After the Russian Revolution of 1917, the Imperial Academy passed through a series of transformations. It was formally abolished in 1918 and the Petrograd Free Art Educational Studios (Pegoskhuma) created in its place; this was renamed the Petrograd Svomas (Free Art Studios) in 1919, the Petrograd State Art-Educational Studios of the Reconstructed Academy of Arts in 1921, Vkhutein in 1928, the Institute of Proletarian Fine Arts in 1930, the Russian Academy of Arts in 1933, and the Academy of Arts of the USSR in 1947. After the move of the academy to Moscow that year, the building in what was then called Leningrad was renamed Ilya Repin Leningrad Institute for Painting, Sculpture and Architecture.
The national academy has stayed in Moscow. In 1991 it was renamed the Russian Academy of Arts. The old academy's art collection, which included major works by Poussin, David and Ingres, was removed to the Hermitage Museum across the river.
Well-known graduates of Ilya Repin Leningrad Institute for Painting, Sculpture and Architecture in 1930-1950s include: Yuri Neprintsev, Nikolai Timkov, Alexander Laktionov, Piotr Vasiliev, Piotr Belousov, Mikhail Kozell, Gleb Verner ( Isaak Brodsky workshop), Sergei Osipov, Gleb Savinov, Elena Skuin, Genrikh Pavlovsky, Olga Bogaevskaya, Lev Orekhov, Victor Teterin, Ivan Godlevsky, Evgenia Antipova, Evgenia Baykova ( Alexander Osmerkin workshop ), Alexei Eriomin, Nikolai Baskakov, Valery Vatenin, Nina Veselova, Maya Kopitseva, Leonid Steele, Oleg Lomakin, Valentina Monakhova, Nikolai Mukho, Anatoli Nenartovich, Mikhail Natarevich, Semion Rotnitsky, Mikhail Trufanov, Yuri Tulin, German Yegoshin ( Boris Ioganson workshop ), Andrei Mylnikov, Boris Korneev, Anatoli Vasiliev, Nikolai Pozdneev, Rostislav Vovkushevsky, Irina Getmanskaya, Elena Kostenko, Alexander Koroviakov, Victor Otiev, Alexander Sokolov ( Victor Oreshnikov workshop ), Boris Lavrenko, Yuri Belov, Mikhail Kaneev, Nikolai Galakhov, Piotr Litvinsky (Rudolf Frentz workshop).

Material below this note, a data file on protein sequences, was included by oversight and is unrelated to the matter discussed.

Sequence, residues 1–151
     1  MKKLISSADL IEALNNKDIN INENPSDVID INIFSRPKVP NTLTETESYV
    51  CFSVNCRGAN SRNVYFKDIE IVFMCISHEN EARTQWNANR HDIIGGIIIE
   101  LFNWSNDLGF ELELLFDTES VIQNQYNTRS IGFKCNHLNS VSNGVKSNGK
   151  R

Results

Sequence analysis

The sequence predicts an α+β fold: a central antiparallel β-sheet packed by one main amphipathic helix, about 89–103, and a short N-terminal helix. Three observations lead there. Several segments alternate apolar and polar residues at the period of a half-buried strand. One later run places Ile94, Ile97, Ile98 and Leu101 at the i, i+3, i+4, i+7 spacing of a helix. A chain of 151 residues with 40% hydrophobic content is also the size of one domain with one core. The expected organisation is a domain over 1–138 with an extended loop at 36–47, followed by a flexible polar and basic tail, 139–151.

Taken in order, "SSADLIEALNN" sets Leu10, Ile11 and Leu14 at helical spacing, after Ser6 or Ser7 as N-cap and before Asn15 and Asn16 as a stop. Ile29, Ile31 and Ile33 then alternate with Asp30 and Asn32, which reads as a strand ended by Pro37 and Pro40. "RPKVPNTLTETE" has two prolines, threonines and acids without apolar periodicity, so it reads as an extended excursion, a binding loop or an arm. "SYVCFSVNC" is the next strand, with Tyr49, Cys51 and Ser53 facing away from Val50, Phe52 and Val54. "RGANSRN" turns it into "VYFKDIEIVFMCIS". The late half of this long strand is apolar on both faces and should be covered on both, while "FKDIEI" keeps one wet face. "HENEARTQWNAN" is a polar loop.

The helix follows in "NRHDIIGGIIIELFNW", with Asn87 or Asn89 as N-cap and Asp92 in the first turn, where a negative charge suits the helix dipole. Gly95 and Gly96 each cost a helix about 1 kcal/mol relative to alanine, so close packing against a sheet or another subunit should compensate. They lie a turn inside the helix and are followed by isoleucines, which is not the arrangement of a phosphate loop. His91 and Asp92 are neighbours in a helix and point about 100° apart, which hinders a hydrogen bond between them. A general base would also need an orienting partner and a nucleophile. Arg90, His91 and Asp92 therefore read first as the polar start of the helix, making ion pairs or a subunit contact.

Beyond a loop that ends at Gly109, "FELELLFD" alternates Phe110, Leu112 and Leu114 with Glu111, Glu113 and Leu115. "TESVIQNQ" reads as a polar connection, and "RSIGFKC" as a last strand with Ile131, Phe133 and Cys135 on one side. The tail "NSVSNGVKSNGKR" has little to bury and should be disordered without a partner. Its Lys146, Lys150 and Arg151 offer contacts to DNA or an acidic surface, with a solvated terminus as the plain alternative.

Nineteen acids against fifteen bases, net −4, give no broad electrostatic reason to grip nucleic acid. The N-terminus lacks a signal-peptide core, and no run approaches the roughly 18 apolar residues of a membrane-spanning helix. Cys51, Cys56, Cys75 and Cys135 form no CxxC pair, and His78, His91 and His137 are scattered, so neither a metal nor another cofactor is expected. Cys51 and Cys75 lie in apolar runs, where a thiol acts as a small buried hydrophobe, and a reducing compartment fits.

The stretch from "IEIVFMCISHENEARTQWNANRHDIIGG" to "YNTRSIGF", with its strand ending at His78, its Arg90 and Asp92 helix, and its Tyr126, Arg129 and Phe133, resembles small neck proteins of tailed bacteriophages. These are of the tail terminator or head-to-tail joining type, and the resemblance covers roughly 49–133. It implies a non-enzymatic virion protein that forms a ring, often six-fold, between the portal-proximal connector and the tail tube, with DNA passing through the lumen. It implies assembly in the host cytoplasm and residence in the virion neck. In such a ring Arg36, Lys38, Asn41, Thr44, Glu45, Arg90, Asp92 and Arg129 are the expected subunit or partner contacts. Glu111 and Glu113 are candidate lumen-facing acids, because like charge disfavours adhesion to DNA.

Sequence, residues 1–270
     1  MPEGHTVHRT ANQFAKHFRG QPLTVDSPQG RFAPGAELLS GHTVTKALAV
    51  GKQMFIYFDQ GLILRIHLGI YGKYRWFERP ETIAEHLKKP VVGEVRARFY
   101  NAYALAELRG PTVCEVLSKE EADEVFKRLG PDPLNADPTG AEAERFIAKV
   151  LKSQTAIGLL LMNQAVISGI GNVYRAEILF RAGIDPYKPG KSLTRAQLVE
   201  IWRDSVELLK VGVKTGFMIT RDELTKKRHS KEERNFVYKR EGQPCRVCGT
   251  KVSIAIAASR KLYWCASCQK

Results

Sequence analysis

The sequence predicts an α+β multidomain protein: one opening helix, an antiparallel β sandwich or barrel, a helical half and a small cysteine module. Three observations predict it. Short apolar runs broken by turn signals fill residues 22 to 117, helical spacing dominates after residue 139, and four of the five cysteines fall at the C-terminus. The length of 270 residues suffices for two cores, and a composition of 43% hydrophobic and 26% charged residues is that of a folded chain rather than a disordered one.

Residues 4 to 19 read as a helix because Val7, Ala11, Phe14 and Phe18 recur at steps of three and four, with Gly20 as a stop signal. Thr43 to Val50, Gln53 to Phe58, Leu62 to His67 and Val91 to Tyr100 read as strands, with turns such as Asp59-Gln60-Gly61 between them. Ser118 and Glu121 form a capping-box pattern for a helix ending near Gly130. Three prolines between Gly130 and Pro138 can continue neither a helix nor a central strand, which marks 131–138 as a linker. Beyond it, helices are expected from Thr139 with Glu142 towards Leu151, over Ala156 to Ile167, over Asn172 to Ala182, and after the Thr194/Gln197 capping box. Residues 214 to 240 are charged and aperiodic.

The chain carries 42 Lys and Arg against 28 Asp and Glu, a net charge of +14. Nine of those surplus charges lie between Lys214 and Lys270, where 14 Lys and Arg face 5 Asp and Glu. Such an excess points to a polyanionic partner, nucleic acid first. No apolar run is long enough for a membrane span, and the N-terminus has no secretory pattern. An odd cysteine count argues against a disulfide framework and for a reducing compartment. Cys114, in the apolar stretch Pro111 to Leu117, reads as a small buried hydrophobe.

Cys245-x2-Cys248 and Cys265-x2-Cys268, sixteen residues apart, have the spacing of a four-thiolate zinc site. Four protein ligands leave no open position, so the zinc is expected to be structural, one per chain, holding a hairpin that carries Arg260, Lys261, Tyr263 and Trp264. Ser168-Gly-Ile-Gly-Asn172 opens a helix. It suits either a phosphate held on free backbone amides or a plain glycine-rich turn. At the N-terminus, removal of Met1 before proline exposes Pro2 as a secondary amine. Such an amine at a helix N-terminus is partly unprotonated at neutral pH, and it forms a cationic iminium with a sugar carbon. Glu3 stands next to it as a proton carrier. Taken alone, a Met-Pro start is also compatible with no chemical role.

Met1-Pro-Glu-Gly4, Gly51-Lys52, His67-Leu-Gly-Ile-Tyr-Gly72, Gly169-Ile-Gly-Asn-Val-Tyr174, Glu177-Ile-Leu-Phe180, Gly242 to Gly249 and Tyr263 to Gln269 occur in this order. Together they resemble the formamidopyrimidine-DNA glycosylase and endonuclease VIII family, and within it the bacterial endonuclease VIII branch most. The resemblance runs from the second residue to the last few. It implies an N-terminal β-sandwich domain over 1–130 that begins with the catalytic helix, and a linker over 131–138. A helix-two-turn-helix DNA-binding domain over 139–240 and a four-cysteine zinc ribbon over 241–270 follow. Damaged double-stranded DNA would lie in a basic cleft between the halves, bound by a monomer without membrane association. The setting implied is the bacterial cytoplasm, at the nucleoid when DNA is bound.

During the years of the Soviet era, academies were free of tuition as they were financed by the government, but admission was intensely competitive. Many students would continuously apply for sometimes six, seven years in a row to be accepted to the Academy, without success. With twenty available places and thousands of applicants, the competition was brutal.
The historic building on the Neva River in St. Petersburg is used for the Ilya Repin St. Petersburg State Academic Institute for Painting, Sculpture and Architecture, named in honor of one of its well-known alumni. It is also called the St. Petersburg State Academic Institute of Fine Arts, Sculpture and Architecture (as on its website). It is informally known as the St. Petersburg Academy of Arts, or Repin Institute of Arts.
- Sergei V. Ivanov.Unknowen Socialist Realism. The Leningrad School. - Saint Petersburg: NP-Print Edition, 2007. - p. 447. ISBN 5-901724-21-6, ISBN 978-5-901724-21-7.
- Academic art
- Alexander Kokorinov
- List of Russian artists
- List of 20th century Russian painters
- List of painters of Saint Petersburg Union of Artists
- Russian Academy of Arts
- The St. Petersburg State Academic Institute of Fine Arts
- Sergei V. Ivanov. The Leningrad School of painting. Historical outline